Never mind that leaning over for a moment, or wearing short shorts, does not in any way constitute a consent to be photographed. Never mind that, as U.S. Attorney Akhi Johnson argued, women have a reasonable expectation of privacy just by virtue of wearing clothes.

In purely legal terms, Cleveland’s creepshots don’t meet that standard. And so all charges were dropped against him, even as the stakes for women who visit the memorial were raised. Consider the implications of this for a second: If you were to visit the National Mall this weekend, and someone began taking photos of you or your children, there is nothing you can do about it.

It is “repellent and disturbing,” but it is his right.

There are attempts to change that, of course. In March, after a Massachusetts court ruled that upskirt photos were legal in the state, the legislature quickly pushed through a bill to criminalize it. Creepshots in the Bay State are now punishable by as many as five years in jail or fines up to $5,000. Texas also recently passed a law against photographs taken “with the intent to arouse or gratify” sexual desire, though that was later struck down on First Amendment grounds.

Which means that — in Texas, as in D.C., as in much of the country — women can be photographed, objectified, and have the photos passed around the Web simply for the crime of leaving their houses. Repellent and disturbing, indeed.

Caitlin Dewey is The Post’s digital culture critic. Follow her on Twitter @caitlindewey or subscribe to her daily newsletter on all things Internet. (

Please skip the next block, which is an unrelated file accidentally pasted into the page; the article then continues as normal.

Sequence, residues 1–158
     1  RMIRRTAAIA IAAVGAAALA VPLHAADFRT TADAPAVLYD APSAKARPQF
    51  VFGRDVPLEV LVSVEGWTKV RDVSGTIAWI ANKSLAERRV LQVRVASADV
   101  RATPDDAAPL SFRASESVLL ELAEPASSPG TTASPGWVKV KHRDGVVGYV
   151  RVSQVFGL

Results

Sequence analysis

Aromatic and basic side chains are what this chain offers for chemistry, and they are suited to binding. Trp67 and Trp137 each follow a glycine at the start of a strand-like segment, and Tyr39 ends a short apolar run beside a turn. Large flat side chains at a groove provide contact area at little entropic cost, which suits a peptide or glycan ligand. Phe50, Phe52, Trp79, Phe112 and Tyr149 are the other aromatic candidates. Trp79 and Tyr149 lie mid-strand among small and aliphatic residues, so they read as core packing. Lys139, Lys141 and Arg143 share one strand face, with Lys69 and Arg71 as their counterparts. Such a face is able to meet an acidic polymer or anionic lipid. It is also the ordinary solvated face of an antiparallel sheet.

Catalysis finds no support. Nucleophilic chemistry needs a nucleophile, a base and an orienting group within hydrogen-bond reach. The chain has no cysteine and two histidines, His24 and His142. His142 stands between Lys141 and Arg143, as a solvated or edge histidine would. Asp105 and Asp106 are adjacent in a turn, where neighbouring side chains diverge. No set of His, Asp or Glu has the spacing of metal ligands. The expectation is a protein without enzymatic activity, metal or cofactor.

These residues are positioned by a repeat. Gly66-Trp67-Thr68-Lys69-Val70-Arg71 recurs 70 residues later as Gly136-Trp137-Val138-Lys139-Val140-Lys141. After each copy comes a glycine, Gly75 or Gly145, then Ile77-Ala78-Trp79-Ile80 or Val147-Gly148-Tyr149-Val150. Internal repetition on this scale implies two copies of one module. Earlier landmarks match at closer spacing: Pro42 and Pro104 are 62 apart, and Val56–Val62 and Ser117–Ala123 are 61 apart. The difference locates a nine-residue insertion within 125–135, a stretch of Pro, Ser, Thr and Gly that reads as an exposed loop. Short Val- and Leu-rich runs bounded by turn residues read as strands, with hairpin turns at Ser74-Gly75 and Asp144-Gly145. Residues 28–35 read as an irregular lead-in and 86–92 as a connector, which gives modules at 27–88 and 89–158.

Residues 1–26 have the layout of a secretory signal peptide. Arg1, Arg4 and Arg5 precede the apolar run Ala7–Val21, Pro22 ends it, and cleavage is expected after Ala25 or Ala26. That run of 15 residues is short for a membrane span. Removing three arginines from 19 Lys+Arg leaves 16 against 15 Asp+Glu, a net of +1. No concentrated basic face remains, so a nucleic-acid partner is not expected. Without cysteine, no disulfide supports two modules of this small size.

The “most violently racist content” on the Internet? Sure!
by Keegan Hankes


The most violently racist internet content isn't found on sites like Stormfront and VNN any more.

One section of the Web forum is dedicated to watching black men die, while another is called “CoonTown” and features users wondering if there are any states left that are “nigger free.” One conversation focuses on the state of being “Negro Free,” while another is about how best to bring attention to the assertion that black people are more prone to commit sexual assaults than whites.

But these discussions aren’t happening on Stormfront, which since its founding in 1995 by a former Alabama Klan leader has been the largest hate forum on the Web. They’re taking place on Reddit, a huge online bulletin board recently spun off into its own independent entity from Advance Publications, the parent company of Condé Nast. Reddit has been hailed as the last bastion of free speech on the Internet, an unregulated and vibrant community of users who post whatever they want and rely on the community around them to police their content.

The world of online hate, long dominated by website forums like Stormfront and its smaller neo-Nazi rival Vanguard News Network (VNN), has found a new — and wildly popular — home on the Internet. Reddit boasts the 9th highest Alexa Internet traffic ranking in the United States and the 36th worldwide. Many of Reddit’s racist subreddits are among its most popular.

Reddit is a news site that hosts user-submitted links and discussion, organized into specific communities of interest comprised of “subreddits,” which are ranked by votes from users. If a reader believes content is a constructive contribution, he or she can “upvote” it, pushing the content further up the page. Conversely, if a user thinks that content is either off-topic or is not constructive, it can be “downvoted,” causing it to sink further down the page.